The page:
Now he rushed off, keeping pace with the crowd, when he remembered there was no place where he was expected, no one who might take note if he came late. He bought a cup of coffee, took his time stirring sugar into it, spied an old man helming a shoe shine concern beside the pastry kiosk, motioned for his attention.
"How much?" he asked.
"You won't scuff them, will you?"
"Sit or be moving. I haven't got the patience."
He sat. He looked down and saw the old man's scalp through the thin wisps of hair still clinging to his head and he ran a hand through his own hair, as if to make sure it was all there. The old man began applying the polish. Edward sipped the coffee and studied the morning rush, a deposed king taking one last view from his throne.
"You've been a while without a shine," the old man said.
The commuters, along with upstate day trippers and foreign tourists, streamed past him, while marching from the other direction was another crowd, equally urgent in their transit. Yet they never touched. The social contract survived their desire to walk over those in front of them. Edward, savoring his coffee as though it was the last cup in North America, marveled at the rules of public conduct. He felt his laces come undone. The old man was vigorous with a buffing brush, muttering, "Got to get in the cracks. It's the only way. The only way."
Edward looked again at the crowd and saw a dozen versions of himself. There I go, he thought. There and there and there. He was pleased to count himself among the majority of men his age, although this tiny satisfaction faded as he became keenly aware that he had no idea when he would be welcomed back into their good graces. If he even wanted to rejoin them. More than a small part of him never wanted to work again. It was an exhilarating feeling that emerged, not a feeling exactly but an insight, that he'd known this for a long time, but only now—watching from his shoeshine throne—did he finally accept it.
The old man finished wiping down his shoes with a white rag streaked with polish. Three final swipes over the leather. "Done, done, done."
Edward handed him a five, started walking. He took a seat on the great marble steps near the ticket windows, the constellation of stars flickering in the ceiling overhead. What to do next? He was stumped. And then, all at once… well, at this point it was a fragment of a memory but he recognized its potential: an image of Times Square forged at sixteen, when on St. Patrick's Day he and his friends wandered west of the parade until the bagpipes and drums and tin whistles merged with the riotous dissonance of the city. They were beckoned by names like Peep World, Peep-O-Rama, All Nude Revue, Girls—Live Girls! He wanted to bathe again in the glow of the flashing lights, immersed in the neon sparkle of a sign that read: All Nude Peep 25 cents.
Next, he passed from the shuttle to Times Square, through the tunnel, up to the pavement, smelling the sweet air, with eyes agleam, like someone prepared to do God's work. He swiveled his head in search of a peep show. His pulse beat in his temples, the disorderly excitement surging with his blood. It didn't occur to him it would be a difficult task.
He gawked at signs and lights, finding everything he wasn't looking for: theme restaurants, mega-stores, Broadway plays. A throng of people moved in disarray around him. He stormed over the blocks. Where did they go? He was persistent in his search. At that moment, he formed a connection between the loss of his job and finding this store. Locating it would diminish the fact that twelve years had been cleaved in an instant. To give up before then justified the layoff because if something as simple as this was too difficult for him, he didn't deserve success of any kind. He loosened the knot in his tie to accommodate the lungfulls he drew. Times Square shrank at his back, almost twenty blocks. On the corner of West Twenty-fifth Street and Sixth Avenue, he stumbled across a tiny storefront with tinted plate glass windows. The neon should have flashed and buzzed but the letters were lifeless, gray flecks of bird shit splattered on them. Stapled flyers and circulars covered the entrance, a padded red door, leaving visible a small heart-shaped window of opaque Plexiglas.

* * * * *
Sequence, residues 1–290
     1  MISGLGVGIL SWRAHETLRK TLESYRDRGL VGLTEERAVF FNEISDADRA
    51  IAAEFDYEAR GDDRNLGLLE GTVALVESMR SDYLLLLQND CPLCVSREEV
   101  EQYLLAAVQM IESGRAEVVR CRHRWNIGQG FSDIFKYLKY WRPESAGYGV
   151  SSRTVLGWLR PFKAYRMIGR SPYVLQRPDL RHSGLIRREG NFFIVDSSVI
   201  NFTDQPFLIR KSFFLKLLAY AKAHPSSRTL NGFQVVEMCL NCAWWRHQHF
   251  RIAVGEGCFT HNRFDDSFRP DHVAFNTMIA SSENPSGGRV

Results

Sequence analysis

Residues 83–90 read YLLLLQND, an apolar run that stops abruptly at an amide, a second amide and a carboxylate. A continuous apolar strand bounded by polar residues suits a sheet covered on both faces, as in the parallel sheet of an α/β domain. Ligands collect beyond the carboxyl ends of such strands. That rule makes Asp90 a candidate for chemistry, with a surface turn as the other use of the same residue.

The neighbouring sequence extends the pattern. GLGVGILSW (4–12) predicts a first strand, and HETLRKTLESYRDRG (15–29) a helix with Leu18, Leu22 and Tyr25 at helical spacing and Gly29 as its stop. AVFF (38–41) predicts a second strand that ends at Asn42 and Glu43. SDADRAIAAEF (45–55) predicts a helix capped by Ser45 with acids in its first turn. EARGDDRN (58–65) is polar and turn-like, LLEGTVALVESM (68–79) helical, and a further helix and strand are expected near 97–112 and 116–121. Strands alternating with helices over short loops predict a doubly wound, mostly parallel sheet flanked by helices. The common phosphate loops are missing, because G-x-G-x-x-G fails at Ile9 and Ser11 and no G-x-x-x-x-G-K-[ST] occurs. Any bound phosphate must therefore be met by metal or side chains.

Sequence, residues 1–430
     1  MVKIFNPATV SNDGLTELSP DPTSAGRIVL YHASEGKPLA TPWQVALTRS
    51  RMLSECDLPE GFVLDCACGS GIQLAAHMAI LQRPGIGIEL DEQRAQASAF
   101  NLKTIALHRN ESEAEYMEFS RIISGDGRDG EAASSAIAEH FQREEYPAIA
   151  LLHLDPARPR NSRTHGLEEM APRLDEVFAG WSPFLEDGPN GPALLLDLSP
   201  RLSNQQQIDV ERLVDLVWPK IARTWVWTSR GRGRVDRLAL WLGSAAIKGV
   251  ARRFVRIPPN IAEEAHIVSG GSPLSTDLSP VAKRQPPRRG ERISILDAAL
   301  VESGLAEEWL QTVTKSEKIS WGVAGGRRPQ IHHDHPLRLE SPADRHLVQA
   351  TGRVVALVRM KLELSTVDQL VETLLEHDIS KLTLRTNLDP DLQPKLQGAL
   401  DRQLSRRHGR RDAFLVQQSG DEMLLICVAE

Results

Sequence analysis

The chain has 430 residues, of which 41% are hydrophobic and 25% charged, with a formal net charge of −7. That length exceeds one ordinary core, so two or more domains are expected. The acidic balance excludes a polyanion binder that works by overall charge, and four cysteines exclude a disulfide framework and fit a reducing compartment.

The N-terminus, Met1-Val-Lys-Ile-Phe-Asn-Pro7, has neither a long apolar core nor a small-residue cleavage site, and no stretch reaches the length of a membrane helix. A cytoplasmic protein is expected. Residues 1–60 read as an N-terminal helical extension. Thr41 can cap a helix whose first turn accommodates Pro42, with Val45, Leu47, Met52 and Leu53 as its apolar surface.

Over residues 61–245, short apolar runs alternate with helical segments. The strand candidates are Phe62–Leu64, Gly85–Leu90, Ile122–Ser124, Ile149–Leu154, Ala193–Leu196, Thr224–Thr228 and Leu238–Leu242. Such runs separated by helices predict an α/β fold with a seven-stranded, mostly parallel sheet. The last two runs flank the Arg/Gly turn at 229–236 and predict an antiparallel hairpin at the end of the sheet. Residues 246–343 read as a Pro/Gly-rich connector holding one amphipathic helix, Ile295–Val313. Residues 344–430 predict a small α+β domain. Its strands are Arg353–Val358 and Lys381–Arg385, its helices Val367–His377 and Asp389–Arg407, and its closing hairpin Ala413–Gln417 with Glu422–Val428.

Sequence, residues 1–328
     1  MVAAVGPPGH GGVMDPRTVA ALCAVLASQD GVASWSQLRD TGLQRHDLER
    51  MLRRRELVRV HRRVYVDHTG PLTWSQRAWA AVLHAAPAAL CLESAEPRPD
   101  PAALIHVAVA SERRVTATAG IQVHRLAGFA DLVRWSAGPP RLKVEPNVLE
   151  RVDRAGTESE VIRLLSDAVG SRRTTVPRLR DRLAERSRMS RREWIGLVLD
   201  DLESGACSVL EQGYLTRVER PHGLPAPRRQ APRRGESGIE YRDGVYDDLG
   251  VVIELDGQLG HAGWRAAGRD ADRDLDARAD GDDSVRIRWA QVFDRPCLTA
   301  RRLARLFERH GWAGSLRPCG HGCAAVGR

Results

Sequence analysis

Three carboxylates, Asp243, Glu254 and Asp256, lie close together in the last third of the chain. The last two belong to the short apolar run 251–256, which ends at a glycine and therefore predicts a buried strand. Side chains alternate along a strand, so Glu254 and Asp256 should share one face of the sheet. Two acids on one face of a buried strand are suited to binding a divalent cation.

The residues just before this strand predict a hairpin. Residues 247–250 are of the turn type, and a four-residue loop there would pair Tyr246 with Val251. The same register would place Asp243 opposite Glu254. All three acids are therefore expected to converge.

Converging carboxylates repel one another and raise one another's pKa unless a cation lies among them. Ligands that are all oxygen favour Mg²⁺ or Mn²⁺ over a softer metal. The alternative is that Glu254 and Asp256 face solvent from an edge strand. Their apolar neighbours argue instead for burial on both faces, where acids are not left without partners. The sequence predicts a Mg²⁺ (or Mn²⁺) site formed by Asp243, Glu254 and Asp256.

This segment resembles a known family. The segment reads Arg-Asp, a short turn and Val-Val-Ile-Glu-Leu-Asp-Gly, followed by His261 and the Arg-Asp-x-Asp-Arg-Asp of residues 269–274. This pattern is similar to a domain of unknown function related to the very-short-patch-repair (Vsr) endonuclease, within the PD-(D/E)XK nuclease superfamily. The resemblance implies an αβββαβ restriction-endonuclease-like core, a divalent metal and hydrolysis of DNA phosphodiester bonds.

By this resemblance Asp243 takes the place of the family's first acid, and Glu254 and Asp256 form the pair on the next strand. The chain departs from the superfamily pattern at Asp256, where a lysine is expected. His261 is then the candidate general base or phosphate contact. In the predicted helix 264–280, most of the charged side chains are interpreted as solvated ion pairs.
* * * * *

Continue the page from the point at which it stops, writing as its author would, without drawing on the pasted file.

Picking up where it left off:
He heaved open the door. A man sat at a cash register, reading. In front of him were rows of magazines, videos and DVDs. Edward walked among the racks, stopping now and then to get a closer look, affecting the casualness of a man grocery shopping. Displayed along one wall was erotic torture paraphernalia. Straps and cuffs and riding crops, gags and clamps and paddles. He inspected a two-foot long dildo and rapped it against his thigh, imagining the welts that would rise from a pale flank. The explicitness was jarring for someone whose formative years were pre-modem. His generation had needed to hustle for their smut. Reports consistently showed American students lagging behind their European and Asian counterparts, but Edward remembered working like an electrical engineer to descramble cable channels for glimpses of late night full frontal. Even then there was no penetration.
Replacing the rubber dick on the rack he began looking around for the peep shows. Their whereabouts lay hidden. He would need to consult a professional, the man at the register.
"What do we have here? A little beach reading?" Edward said, sidling up to the employee, possibly the proprietor.
The man closed the book, agitated by the disturbance. "What do you want?"
"I'm curious: what's the bulk rate on latex pussies?"
"How would you like it if I came out from around the counter?"